MANILA (AFP) - Japan's Emperor Akihito pledged on Tuesday (Jan 26) to honour those who died in one of World War II's deadliest battles, as he began a historic visit to the Philippines.
Emperor Akihito, 82, and his wife, Empress Michiko, 81, will visit two war memorials during the five-day trip, the first by a reigning Japanese emperor to the South-east Asian nation.
"In the Philippines, many lives of Filipinos, Americans and Japanese were lost during the war," Emperor Akihito said at a ceremony before leaving Tokyo.
He specifically noted the battle for the liberation of Manila in 1945, where an estimated 100,000 people were killed.
"We'd like to conduct our visit by always keeping this in mind," he said.
As soon as he stepped out of the plane at Manila's airport, he offered a slight bow. He was then welcomed on the tarmac by President Benigno Aquino and many of his Cabinet secretaries.
The Philippines is the latest stop in the soft-spoken Emperor's pacifist pilgrimage, which has appeared to contradict his government's nationalist bent.
The Emperor and Empress have previously journeyed to other Pacific battle sites where Japanese troops and civilians made desperate last stands in the name of wartime emperor Hirohito, Emperor Akihito's father.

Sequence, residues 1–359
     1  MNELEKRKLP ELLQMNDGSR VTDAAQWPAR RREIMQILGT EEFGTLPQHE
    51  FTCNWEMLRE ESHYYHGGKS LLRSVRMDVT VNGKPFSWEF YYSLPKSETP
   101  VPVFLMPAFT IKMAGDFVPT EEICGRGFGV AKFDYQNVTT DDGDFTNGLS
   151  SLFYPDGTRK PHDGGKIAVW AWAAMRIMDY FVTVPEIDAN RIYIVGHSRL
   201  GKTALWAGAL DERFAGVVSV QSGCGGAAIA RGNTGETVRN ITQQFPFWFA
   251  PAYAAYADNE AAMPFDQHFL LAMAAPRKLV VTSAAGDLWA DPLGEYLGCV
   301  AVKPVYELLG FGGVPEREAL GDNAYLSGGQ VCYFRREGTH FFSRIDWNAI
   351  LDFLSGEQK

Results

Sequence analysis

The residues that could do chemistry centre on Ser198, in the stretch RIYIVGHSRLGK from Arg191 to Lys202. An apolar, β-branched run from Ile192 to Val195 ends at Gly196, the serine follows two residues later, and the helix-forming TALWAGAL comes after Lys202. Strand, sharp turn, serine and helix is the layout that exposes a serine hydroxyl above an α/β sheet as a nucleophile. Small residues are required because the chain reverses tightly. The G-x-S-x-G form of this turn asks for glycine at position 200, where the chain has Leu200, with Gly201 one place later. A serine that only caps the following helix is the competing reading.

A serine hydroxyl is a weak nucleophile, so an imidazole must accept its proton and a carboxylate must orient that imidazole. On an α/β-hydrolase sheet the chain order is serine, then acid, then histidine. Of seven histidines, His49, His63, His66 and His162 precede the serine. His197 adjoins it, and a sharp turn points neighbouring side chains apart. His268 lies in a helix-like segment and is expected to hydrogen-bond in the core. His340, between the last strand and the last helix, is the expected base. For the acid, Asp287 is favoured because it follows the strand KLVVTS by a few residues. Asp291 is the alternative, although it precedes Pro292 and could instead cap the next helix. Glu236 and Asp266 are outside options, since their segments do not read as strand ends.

On visits to Saipan in 2005 and Palau last year they prayed not just for the Japanese soldiers and civilians who perished, but also colonial subjects and troops from its wartime enemy, the United States.
In remarks at a memorial marking the 70th anniversary of Japan's 1945 surrender, Emperor Akihito expressed "profound remorse" for the war fought in his father's name, reportedly the first time he used those words at the annual event.
Emperor Akihito was 11 years old when the war ended with the obliteration of Hiroshima and Nagasaki.
In the Philippines, the couple will pay their respects at separate memorials for Filipino and Japanese WWII casualties.
They will also visit a Japanese language training centre and the International Rice Research Institute.
Japan's brutal three-year occupation of the Philippines ended in 1945 after the Americans liberated their former colony in a daring sea battle.
The two nations have steadily built closer ties, with Japan the Philippines' biggest source of foreign investment and aid.
Emperor Akihito's trip is being held to celebrate 60 years of diplomatic relations.
The two nations have also drawn closer in recent years as they have struggled to deal with similar territorial rivalries with China.
However not everyone in the Philippines has welcomed the closer ties. Filipina women who were forced into sexual slavery by the Japanese military have vowed to hold protests in Manila during Emperor Akihito's visit.
They believe the Japanese government has never made a sincere apology or offered adequate compensation for the war crimes.